- Also known as
primary name: Philipon, Charles
other name: Philippon, Charles
- individual; printmaker; publisher/printer; French; Male
- Life dates
- Caricaturist, lithographer and publisher. Pupil of Gros. He made lithographic satires for a short period. Under the regime of Charles X until the Revolution of 1830 the political caricature was prohibited by the censorship and therefore Philipon's work focused more on social classes and Parisian types. In November 1830 he started publishing 'La Caricature', devoted to political satire. In 1832 he published the 'Charivari'. In business with his brother-in-law Gabriel Aubert (q.v.) with whom he founded the famous publishing house Maison Aubert; set their shop in Passage Véro-Dodat in 1829; moved to Place de la Bourse in 1841, by which time the biggest print publishing house in Paris.
'La Caricature' was published from 1830 to 1835; in 1838 the publication of 'La Caricature Provisoire' began; after 35 issues (Nov 1838-June 1839), the title reverted back to 'La Caricature'. King Louis Philippe (q.v.) was a frequent target to Philipon, who was brought before the justice several times; during a trial (nov. 1831) he famously represented the king as a pear (his argument being that anything can look like the king), an image that was subsequently used to represent the king in satirical prints. Philipon was also arrested and in 1832 was twice emprisoned in Sainte-Pélagie's prison (hence his address appearing as "Ste Pelagie" on some prints)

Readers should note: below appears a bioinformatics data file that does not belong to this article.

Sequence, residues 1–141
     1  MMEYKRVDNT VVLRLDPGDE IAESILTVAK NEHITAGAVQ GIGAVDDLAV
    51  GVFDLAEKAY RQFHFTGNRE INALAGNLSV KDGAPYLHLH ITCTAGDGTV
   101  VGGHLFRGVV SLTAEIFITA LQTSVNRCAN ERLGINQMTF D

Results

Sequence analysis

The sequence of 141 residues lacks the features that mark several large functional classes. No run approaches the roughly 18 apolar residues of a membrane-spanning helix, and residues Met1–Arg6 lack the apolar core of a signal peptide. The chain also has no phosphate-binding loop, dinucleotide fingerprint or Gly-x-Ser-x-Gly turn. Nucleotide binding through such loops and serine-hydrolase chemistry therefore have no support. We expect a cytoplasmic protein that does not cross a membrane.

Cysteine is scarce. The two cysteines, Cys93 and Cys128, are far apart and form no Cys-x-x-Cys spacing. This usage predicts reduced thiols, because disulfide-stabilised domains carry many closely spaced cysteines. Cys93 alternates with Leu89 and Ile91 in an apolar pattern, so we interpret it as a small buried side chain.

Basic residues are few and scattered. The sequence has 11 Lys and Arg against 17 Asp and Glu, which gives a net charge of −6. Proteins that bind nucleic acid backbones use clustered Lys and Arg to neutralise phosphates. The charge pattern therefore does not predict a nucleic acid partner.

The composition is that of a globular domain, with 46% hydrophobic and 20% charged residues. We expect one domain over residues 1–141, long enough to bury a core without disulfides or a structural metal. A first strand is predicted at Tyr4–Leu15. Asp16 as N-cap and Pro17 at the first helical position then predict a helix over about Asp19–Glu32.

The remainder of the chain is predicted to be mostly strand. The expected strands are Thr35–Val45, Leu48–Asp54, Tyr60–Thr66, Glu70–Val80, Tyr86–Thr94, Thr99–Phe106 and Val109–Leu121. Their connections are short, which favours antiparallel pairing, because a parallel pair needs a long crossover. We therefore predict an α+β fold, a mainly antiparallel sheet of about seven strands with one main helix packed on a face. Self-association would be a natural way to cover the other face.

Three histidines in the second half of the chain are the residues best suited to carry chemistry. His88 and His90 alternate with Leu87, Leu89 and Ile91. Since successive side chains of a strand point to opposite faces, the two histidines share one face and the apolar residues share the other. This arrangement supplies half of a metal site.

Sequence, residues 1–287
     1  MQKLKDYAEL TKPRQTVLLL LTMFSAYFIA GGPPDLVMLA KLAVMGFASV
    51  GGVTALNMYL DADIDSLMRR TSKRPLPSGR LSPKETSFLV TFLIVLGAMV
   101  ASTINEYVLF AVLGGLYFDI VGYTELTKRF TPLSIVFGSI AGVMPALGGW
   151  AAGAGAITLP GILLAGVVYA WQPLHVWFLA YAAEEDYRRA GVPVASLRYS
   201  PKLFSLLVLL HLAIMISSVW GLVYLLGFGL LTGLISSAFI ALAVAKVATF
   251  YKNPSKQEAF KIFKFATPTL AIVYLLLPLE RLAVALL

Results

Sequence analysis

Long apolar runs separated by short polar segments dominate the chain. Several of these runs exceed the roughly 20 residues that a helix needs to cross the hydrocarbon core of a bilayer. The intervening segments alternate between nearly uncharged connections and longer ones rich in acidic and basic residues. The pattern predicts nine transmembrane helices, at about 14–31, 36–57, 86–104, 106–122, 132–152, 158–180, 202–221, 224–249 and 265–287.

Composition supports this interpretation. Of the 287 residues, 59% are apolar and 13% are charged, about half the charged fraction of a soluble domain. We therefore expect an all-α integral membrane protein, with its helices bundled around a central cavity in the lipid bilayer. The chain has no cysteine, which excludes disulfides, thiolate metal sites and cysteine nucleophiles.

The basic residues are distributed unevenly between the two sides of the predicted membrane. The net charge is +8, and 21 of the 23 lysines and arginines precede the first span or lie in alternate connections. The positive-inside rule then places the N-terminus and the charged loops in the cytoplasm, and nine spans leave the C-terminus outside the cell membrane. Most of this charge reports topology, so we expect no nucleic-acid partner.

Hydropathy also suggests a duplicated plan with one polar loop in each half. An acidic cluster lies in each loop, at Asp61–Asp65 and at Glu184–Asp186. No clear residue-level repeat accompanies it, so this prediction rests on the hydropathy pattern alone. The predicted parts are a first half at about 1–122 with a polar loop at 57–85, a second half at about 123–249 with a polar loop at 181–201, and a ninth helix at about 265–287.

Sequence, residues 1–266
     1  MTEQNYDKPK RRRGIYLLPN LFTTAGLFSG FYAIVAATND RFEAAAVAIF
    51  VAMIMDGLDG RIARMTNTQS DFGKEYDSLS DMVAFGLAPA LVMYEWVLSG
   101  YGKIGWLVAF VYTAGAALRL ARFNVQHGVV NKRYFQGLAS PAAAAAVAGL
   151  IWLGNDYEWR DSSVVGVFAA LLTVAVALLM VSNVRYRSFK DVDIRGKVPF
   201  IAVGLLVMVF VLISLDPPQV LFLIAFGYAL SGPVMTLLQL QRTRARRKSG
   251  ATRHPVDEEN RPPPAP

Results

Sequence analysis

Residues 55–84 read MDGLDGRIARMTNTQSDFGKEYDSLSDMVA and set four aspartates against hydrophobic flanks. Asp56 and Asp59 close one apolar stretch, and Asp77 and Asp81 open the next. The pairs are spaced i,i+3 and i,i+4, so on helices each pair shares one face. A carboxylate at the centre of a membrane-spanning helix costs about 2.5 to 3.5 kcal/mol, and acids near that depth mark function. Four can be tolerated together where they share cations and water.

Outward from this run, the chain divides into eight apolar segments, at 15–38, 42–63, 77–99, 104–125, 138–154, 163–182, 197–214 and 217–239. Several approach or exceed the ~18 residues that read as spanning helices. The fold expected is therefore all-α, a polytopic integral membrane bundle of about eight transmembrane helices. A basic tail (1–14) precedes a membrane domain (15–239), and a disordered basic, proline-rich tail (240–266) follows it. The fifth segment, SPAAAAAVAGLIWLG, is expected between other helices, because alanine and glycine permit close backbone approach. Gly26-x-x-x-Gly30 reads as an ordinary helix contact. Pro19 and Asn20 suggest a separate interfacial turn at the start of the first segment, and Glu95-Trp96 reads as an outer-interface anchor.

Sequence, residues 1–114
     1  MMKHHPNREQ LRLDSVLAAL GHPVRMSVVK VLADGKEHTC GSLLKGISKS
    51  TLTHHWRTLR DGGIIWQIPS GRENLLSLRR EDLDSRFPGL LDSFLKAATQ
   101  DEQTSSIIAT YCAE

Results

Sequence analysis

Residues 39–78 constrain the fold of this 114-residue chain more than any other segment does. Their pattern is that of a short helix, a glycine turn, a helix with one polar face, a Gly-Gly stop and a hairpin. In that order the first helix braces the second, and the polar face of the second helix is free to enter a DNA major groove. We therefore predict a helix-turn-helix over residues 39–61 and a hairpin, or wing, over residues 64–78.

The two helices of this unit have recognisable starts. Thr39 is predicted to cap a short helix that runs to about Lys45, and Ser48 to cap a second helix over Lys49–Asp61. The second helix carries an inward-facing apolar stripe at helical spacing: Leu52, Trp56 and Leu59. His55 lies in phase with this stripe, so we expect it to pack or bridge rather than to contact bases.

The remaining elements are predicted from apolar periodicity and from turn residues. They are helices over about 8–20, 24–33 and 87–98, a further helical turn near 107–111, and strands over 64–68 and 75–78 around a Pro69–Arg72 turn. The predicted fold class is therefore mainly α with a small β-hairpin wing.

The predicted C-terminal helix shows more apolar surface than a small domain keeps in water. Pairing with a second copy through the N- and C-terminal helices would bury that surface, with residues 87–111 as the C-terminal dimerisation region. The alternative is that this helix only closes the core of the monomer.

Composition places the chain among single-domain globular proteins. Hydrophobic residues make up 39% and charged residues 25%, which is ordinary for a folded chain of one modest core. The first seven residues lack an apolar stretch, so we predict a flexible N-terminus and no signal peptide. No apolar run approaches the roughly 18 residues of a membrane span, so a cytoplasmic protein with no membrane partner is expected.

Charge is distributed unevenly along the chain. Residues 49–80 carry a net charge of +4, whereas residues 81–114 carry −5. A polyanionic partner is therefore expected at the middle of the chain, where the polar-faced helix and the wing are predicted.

- Edwin de T. Bechtel, 'Freedom of the Press: l'Association mensuelle: Philipon vs. Louis-Philippe', New York, 1952.
James Cuno, 'Charles Philipon, La Maison Aubert and the Business of the Caricature in Paris 1829-41', in: 'The Art Journal', 43, n.4, (Winter 1983), pp.347-354.
Beatrice Farwell, 'The Charged Image: French Lithographic Caricature 1816-1848', Santa Barbara Museum of Art, California, 1989, pp.119-126.
Elise K. Kenney and John M. Merriman (ed.), 'The Pear: French Graphic Arts in the Golden Age of Caricature', exhibition catalogue, Mount Holyoke College Art Museum, South Hadley, Mass., 1991.
David S. Kerr, 'Caricature and French Political Culture, 1830-1848: Charles Philipon and the Illustrated Press', Oxford, 2000